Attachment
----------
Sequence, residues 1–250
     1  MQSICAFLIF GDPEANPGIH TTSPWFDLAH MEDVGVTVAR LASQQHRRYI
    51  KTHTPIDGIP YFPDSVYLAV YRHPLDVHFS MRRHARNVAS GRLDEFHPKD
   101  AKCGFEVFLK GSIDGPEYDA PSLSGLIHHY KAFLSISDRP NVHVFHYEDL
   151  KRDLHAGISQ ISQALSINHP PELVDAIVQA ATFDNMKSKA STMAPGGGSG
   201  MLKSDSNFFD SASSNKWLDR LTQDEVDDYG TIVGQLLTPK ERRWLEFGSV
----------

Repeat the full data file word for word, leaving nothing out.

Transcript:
Sequence, residues 1–250
     1  MQSICAFLIF GDPEANPGIH TTSPWFDLAH MEDVGVTVAR LASQQHRRYI
    51  KTHTPIDGIP YFPDSVYLAV YRHPLDVHFS MRRHARNVAS GRLDEFHPKD
   101  AKCGFEVFLK GSIDGPEYDA PSLSGLIHHY KAFLSISDRP NVHVFHYEDL
   151  KRDLHAGISQ ISQALSINHP PELVDAIVQA ATFDNMKSKA STMAPGGGSG
   201  MLKSDSNFFD SASSNKWLDR LTQDEVDDYG TIVGQLLTPK ERRWLEFGSV